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Photo ©: Schaaf

Getting in gear with the Saturn Cyberbike

By Ray Easterling

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On your marks...
Photo: © Ray Easterling

If you were in Philadelphia this Sunday to watch the USPRO Championship, you could also have experienced what it is like climbing the infamous Manayunk Wall, just like the pros. Only, you didn't have to go out on the course, the police frown upon that. No, if you wanted to experience riding the Wall, without the possible jail time, you just had to look off to the side of the street. There you would have found the Saturn Cyberbike expo.

"We have four team LeMond Saturn bikes," says Todd Gogulski, Event Operations for Saturn Cyberbike. "They're virtually the same bikes the Saturn pro team races on."

In turn, these bikes are connected to an electronic load generator via the rear wheel. Driven by computer software, this device then provides varying resistance to correspond with the terrain a rider views on the accompanying computer screen. "It's within three percent accuracy of riding on the road," Gogulski says.

Cyberbike is actually an adaptation of the publicly available CompuTrainer software and hardware, but has been modified exclusively for Saturn. And while the Cyberbike simulators make appearances all across the country, the Saturn folks have something special in store for Sunday.

The bikes lined up and ready
Photo: © Ray Easterling

"Part of the software allows you to build corners, straightaways and grades anywhere less than 15 percent up or down," Gogulski says. For Philadelphia, they have programmed in the Manayunk Wall. Gogulski would be in a position to know a thing or two about cycling on grades. He was a pro for 11 years and won the Mt. Evans Hillclimb. Twice.

"I like the charged atmosphere around the racing and the excitement and enthusiasm people have," Gogulski says. "It's something you don't see a lot in the workplace and if you do, you're lucky, but you see it all the time in bike racing."

On site in Philadelphia, Todd and his crew measure the rise of the climb and the associated length to build a cyber-replica for the simulators. Once the climb is programmed into the software, the networked bikes can be used to race solo, two up or with all four riders pitted against one another. Additionally, two of the bikes have been outfitted in order to fit smaller riders and children.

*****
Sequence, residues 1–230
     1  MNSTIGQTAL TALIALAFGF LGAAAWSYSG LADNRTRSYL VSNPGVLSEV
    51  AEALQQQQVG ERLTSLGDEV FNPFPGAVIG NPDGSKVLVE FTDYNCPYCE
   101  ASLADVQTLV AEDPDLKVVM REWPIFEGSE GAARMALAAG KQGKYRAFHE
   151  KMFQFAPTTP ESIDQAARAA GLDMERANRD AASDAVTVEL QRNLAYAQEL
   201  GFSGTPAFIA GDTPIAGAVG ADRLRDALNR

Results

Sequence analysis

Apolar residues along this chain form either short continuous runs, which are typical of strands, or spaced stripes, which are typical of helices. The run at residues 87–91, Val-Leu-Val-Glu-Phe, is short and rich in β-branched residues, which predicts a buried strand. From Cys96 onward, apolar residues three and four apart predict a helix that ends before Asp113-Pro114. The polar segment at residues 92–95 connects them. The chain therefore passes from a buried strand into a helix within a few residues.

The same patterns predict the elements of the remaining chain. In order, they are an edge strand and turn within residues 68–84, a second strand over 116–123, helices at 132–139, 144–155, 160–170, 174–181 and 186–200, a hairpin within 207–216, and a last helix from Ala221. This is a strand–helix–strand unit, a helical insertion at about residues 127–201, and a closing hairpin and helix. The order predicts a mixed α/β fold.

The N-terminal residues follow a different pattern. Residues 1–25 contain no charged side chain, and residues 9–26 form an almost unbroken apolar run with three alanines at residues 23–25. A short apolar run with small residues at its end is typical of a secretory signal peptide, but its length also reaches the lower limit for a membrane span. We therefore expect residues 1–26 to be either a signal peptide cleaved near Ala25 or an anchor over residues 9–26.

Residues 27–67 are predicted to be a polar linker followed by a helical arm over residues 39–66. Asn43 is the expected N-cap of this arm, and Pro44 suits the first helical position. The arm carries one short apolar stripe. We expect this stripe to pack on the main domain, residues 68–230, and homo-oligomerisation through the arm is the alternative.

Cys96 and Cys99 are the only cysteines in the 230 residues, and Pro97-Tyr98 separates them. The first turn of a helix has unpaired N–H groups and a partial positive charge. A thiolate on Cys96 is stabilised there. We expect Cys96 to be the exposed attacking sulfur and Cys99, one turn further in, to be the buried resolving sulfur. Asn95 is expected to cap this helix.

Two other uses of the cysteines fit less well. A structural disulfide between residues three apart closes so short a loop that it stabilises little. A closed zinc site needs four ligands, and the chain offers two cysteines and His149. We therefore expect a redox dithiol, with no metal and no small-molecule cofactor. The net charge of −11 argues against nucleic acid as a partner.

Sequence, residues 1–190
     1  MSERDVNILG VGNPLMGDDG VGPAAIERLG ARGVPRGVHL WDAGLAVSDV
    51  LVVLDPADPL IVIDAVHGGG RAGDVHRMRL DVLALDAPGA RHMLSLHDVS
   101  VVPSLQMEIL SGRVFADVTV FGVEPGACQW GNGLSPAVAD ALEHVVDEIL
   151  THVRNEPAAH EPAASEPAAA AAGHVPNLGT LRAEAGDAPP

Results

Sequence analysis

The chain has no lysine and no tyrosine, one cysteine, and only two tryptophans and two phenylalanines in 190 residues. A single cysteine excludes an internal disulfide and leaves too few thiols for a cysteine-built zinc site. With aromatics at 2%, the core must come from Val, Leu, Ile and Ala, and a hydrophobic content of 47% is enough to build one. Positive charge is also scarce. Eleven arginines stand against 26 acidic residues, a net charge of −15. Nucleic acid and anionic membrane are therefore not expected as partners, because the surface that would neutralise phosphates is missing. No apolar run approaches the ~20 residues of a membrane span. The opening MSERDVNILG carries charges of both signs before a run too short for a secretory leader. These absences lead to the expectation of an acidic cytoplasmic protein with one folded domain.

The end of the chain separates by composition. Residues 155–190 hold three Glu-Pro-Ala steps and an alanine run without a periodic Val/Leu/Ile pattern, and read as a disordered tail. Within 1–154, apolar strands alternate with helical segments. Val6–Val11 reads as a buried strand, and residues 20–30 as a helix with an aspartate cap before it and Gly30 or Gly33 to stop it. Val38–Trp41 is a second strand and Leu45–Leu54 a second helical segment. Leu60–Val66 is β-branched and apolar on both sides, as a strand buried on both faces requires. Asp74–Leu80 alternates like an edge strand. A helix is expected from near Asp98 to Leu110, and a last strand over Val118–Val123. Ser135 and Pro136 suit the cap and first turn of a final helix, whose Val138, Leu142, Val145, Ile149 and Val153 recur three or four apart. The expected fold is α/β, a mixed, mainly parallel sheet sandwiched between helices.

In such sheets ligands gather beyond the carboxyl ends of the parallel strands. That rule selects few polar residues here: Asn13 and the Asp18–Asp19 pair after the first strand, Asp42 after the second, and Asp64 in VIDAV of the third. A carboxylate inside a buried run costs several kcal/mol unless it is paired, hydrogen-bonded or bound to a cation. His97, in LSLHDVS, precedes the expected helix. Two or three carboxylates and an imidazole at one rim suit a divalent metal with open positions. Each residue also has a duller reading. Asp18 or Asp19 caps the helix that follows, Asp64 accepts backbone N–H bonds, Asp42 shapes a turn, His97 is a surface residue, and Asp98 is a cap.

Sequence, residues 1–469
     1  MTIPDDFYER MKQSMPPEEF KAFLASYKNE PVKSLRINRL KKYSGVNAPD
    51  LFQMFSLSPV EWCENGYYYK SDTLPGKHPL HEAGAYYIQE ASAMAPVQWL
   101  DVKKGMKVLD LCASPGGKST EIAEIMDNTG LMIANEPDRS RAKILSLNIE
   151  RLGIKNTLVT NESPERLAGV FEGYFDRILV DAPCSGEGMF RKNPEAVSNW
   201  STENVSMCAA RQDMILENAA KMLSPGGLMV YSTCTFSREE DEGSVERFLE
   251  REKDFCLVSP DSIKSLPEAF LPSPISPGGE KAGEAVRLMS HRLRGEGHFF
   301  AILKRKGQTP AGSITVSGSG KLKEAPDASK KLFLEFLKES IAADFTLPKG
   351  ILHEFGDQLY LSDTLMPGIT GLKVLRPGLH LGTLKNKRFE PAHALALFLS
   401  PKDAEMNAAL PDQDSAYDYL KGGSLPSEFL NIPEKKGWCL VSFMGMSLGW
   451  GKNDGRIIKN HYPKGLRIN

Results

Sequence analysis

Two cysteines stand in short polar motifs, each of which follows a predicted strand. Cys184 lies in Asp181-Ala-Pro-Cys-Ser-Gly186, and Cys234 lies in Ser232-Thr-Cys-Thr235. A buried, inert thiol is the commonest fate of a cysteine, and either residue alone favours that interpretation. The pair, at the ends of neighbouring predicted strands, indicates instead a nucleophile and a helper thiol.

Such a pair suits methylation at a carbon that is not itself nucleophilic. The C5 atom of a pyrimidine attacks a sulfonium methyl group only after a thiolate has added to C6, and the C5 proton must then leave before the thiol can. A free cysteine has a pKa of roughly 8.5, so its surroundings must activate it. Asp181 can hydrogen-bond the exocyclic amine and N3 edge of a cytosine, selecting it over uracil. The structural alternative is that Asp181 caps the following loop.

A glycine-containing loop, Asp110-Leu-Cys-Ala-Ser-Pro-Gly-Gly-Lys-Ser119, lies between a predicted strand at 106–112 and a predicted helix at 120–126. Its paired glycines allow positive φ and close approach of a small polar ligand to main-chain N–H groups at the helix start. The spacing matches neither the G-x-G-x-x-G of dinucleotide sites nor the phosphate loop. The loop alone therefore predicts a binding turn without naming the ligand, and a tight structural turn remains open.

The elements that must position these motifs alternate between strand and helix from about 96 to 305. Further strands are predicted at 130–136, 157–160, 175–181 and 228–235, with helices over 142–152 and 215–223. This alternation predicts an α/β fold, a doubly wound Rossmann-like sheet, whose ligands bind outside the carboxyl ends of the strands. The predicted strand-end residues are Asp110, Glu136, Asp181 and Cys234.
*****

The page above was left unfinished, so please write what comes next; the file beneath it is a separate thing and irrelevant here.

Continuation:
Gogulski and the rest of the Saturn Cyberbike staff tour the United States, putting the Cyberbike simulators on public display in auto shows and at athletic events across the country.

"In general people like it a lot. We have gone over 300 riders on a few busy days, so it is very busy. [At] the auto shows, you get more people who just stumble upon us," Gogulski says. The Saturn staff will announce the races via loudspeaker to "make it as exciting as we can." Prizes are given away for good performances.

Photo: © Ray Easterling

"You get some amazingly fast people just that are very strong for the quarter mile," he says. "But once we started going to some of the bike events, we saw some guys throw down some times that we were really impressed with and they can challenge some of the Saturn pros, on occasion."

And, on occasion, they do. Often, the Saturn pro riders are on hand following races in order to chat with the public, announce simulated races and even put the hammer down themselves once in a while. Two to three hundred people can roll through the simulator on a given day, and Gogulski estimates that roughly 10,000 people have tried out Cyberbike since last October.

"It's been great. People love it. The hardest thing frequently is actually shutting down at the end of the day because people want to keep riding," Gogulski says.

For those who missed their chance in Philadelphia, Cyberbike will make its way to the Summer X Games in Los Angeles before wrapping up the season at the San Francisco Grand Prix.


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